Binance has announced that it will be opening two new offices in Brazil, with the team behind the operation doubling in number.
In an interview with Peter McCormack, Winklevoss noted that things might be different if this was back in 2013 when Bitcoin was first starting life. Now, however, he sees a difference in the way the market can be handled. He offered:
“I think that the U.S. will never outlaw Bitcoin. There’s too much precedent that’s been set in the courts. The Coinflip order, which was a Commodity Futures Trading Commission enforcement action which was upheld in the courts, considered Bitcoin a commodity like gold.”
With regards to his own company, he commented that the platform is in accordance with the New York Department of Financial Services regulations. If there was any chance of a Bitcoin ban, “[so] much would have to be undone.” Not only would a ban on cryptocurrency disrupt the market, but it would also dismantle countless careers and a burgeoning industry. As he stated:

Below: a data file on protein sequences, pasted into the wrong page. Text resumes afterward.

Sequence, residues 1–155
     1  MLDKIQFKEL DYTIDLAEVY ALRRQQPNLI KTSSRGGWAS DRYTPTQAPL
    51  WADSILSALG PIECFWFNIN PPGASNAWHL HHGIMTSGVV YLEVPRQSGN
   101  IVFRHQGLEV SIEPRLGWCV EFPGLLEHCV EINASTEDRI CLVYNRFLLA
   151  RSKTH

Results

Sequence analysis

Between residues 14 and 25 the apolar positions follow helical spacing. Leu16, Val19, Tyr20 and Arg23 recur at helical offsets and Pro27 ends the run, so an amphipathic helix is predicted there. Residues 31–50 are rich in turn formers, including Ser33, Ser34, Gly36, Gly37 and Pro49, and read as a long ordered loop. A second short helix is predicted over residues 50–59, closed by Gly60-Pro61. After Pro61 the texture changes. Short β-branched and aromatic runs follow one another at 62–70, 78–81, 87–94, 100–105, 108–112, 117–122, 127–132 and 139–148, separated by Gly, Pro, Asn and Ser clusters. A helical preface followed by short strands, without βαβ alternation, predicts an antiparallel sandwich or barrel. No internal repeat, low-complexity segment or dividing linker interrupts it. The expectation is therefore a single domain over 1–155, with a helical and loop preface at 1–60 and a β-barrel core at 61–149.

“You’re talking about companies that are providing careers, building the economy, some of them are going public. They’re going to become drivers of the stock market. To unroll that back is so unlikely to me. Of course, it’s not 0%, but it might as well be.”
As it stands, cryptocurrency is synonymous with Bitcoin. However, the field of digital currencies has developed into much more than that, with blockchain companies adding to the economy and an entirely new industry emerging from the technology. Winklevoss believes that, while regulation in the field will be helpful to monitor and draw guidelines, a blanket ban would be devastating to the opportunities that could come from the tech. Looking to the European continent, he noted:
“I think the same for the U.K. and Europe. Singapore we’re in a licensing process with the MAS [Monetary Authority of Singapore], their top regulator there. They are embracing it. All of the jurisdictions that are free markets and open markets and believe in capitalism, believe in Bitcoin, believe in crypto, and I think see it as an opportunity more than anything than a threat.”